George and Deb
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Old 05-07-2007, 04:00 AM   #6
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Chaft protection is a must. I have heard of lines chafing through in ONE storm. A loop of chain on the dock and good protection on the boat is a must. Your lines should be fitted for your dock. You may need loonger. I do, but I have a 26 foot boat and get put into slips too big for me so the long dock lines are needed.
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Old 05-07-2007, 07:08 AM   #7
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I always used nylon but now using poly blend. Better UV properties, cheaper, good stretch and better strength. It lasts longer and is stronger. Downside is it's harder to splice. Thicker ropes last longer then thin ropes...in the sun. A 1/4 inch nylon rope will deteriate much faster then a 5/8" line. Something to do with the number of exposed fibers as a percentage.

As a cruiser I find I need 2 lines twice the boat length and 4 lines the boat length. 2 of these I also use as bridles for anchoring. Lines half the boat length are only good for a marina and a properly sized berth. You can't tahitian moor with these or tie off to a tree on shore. If you go to a marina which uses the loops on the pier, rather then cleats, then the lines are too short to loop back to the boat. a line too long can always be used but a line too short can't.
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Old 05-08-2007, 05:37 AM   #8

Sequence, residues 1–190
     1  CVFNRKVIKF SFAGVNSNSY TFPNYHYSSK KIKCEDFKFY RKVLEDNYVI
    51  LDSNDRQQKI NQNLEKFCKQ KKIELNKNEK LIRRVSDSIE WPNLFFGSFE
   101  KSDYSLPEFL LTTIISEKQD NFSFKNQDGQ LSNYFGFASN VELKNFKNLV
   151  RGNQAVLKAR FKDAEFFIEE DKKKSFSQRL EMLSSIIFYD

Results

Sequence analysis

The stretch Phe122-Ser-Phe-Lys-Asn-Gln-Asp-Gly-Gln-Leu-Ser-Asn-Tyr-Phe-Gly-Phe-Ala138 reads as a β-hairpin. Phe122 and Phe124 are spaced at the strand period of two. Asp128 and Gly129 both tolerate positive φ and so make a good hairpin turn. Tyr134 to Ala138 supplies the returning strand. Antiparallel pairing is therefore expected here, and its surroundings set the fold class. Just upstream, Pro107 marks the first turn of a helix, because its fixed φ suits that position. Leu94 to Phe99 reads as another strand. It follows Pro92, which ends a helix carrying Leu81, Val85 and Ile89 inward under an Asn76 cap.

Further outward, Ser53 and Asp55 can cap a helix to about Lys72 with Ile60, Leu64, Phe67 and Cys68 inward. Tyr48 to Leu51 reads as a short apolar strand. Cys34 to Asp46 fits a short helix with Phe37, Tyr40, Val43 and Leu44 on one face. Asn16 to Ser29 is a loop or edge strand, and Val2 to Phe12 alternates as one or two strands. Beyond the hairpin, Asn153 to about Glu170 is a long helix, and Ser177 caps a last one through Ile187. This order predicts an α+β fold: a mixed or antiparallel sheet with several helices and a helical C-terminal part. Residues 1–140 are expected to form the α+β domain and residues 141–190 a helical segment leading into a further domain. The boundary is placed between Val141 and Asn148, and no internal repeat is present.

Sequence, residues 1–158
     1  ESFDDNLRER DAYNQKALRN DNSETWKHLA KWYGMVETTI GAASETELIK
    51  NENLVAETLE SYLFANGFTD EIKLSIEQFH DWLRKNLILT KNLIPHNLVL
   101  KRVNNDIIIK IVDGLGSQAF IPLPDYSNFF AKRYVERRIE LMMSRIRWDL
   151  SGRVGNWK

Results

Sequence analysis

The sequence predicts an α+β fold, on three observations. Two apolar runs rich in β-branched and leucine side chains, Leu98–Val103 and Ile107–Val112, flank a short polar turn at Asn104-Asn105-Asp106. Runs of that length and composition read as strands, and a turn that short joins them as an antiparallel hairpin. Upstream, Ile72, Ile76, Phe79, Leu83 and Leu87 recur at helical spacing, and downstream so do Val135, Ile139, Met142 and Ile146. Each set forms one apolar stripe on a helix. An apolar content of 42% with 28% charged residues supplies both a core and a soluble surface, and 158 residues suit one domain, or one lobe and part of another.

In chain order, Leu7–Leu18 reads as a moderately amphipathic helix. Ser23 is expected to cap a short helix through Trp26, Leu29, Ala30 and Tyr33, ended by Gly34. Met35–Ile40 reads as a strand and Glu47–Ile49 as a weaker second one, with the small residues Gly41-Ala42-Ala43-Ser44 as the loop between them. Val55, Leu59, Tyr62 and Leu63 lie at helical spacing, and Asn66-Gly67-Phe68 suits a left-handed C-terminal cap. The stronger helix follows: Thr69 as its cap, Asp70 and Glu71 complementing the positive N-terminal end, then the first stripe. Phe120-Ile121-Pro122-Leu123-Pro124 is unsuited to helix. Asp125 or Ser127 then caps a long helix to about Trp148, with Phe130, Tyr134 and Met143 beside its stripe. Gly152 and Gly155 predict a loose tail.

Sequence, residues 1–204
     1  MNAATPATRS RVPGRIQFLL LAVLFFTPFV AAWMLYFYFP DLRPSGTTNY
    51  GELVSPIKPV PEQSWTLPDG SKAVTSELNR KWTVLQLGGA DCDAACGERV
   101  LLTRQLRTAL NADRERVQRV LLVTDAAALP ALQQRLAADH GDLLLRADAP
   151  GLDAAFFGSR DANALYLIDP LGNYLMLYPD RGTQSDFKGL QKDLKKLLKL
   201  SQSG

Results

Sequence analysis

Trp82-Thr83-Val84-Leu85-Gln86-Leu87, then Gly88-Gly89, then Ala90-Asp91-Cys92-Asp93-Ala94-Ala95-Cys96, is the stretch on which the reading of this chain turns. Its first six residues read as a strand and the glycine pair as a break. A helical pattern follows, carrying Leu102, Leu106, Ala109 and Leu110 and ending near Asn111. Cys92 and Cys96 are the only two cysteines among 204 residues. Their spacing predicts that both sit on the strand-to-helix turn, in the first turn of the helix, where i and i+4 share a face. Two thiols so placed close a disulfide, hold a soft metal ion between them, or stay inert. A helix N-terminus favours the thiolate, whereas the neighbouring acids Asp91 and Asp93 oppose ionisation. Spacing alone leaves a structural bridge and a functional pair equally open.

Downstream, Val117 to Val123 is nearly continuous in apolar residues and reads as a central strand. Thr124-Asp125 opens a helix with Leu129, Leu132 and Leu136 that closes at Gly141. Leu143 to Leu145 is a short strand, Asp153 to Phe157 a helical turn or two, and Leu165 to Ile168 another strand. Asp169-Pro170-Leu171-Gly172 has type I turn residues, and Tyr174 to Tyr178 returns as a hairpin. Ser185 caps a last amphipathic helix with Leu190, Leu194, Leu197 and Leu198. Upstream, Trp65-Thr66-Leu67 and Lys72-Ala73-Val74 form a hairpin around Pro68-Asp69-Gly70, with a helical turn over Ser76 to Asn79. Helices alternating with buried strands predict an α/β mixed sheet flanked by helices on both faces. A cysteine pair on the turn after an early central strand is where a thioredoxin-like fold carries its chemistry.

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Originally Posted by Velella View Post
Any advice on things that should be done before we leave besides making sure we have very good lines would also be greatly appreciated. Thank you.
You did not mention the proximity (latitude) of where the boat will be docked, or if you have gas or diesel tanks on board. If you do, you may want to consider filling them (allowing for expansion) to minimize condensation, and if appropriate a fuel stabilizer or algae growth inhibitor.

Disconnect the ground cable on each of your battery system. Fill and charge them. It would do them good to be on a trickle charger, solar or otherwise. Or have somebody charge them about once a month for you.

Other things to think about:

Protection against rust, corrosion, and sun.

The potential of rodents or insects coming aboard via the dock lines.

The lodge in Alaska looks very inviting. Have fun, good luck, and check in when you have the time and let us know how it is going up there, on the "Poop Deck' forum.

Jeff
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Old 05-08-2007, 07:26 AM   #9
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Hi Velella,

I understand the thinking behind the advice to disconnect your battery ground. I don't know how your boat is set up, but on my boat this would be a bad idea. I have solar charging to keep my batteries topped up so that my automatic bilge pumps will commence operation in the event of a seawater leak through the hull. Also, if it becomes necessary for any reason for marina staff to be on my boat or to move it due to an impending threat of some sort, I want them to be able to turn on lights and to be able to start the engine quickly. Reliance on 240v/110v is not a good idea...indeed whilst I am away, I disconnect shore power to avoid potential danger and to reduce the risk of galvanic corrosion.

Cheers

David.
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Old 05-08-2007, 07:58 AM   #10
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Auzzee,

Good point about the bilge pump. I was thinking in terms of preventing a steady draw on the batteries, should something happen to be in the ON position, or any other method of steady discharge.

Jeff